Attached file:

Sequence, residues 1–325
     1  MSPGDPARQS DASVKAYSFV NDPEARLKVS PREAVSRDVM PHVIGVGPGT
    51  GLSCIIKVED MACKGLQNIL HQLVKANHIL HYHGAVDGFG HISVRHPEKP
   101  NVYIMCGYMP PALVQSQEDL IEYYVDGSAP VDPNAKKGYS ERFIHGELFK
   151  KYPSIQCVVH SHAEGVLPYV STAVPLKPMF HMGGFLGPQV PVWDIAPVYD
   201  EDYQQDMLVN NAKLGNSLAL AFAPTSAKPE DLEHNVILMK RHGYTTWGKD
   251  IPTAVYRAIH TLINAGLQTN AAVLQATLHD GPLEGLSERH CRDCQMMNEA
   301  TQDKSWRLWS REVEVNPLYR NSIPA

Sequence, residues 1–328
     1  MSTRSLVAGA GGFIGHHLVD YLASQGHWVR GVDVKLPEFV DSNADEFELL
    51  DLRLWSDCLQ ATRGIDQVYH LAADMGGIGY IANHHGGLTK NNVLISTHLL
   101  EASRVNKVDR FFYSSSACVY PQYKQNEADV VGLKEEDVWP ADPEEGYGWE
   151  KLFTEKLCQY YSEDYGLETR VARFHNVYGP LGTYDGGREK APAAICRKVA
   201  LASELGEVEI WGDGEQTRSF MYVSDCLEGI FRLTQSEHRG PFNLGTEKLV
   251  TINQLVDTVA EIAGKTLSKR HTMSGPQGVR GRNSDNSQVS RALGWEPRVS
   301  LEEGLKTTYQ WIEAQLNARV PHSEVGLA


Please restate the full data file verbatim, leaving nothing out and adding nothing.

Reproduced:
Sequence, residues 1–325
     1  MSPGDPARQS DASVKAYSFV NDPEARLKVS PREAVSRDVM PHVIGVGPGT
    51  GLSCIIKVED MACKGLQNIL HQLVKANHIL HYHGAVDGFG HISVRHPEKP
   101  NVYIMCGYMP PALVQSQEDL IEYYVDGSAP VDPNAKKGYS ERFIHGELFK
   151  KYPSIQCVVH SHAEGVLPYV STAVPLKPMF HMGGFLGPQV PVWDIAPVYD
   201  EDYQQDMLVN NAKLGNSLAL AFAPTSAKPE DLEHNVILMK RHGYTTWGKD
   251  IPTAVYRAIH TLINAGLQTN AAVLQATLHD GPLEGLSERH CRDCQMMNEA
   301  TQDKSWRLWS REVEVNPLYR NSIPA

Sequence, residues 1–328
     1  MSTRSLVAGA GGFIGHHLVD YLASQGHWVR GVDVKLPEFV DSNADEFELL
    51  DLRLWSDCLQ ATRGIDQVYH LAADMGGIGY IANHHGGLTK NNVLISTHLL
   101  EASRVNKVDR FFYSSSACVY PQYKQNEADV VGLKEEDVWP ADPEEGYGWE
   151  KLFTEKLCQY YSEDYGLETR VARFHNVYGP LGTYDGGREK APAAICRKVA
   201  LASELGEVEI WGDGEQTRSF MYVSDCLEGI FRLTQSEHRG PFNLGTEKLV
   251  TINQLVDTVA EIAGKTLSKR HTMSGPQGVR GRNSDNSQVS RALGWEPRVS
   301  LEEGLKTTYQ WIEAQLNARV PHSEVGLA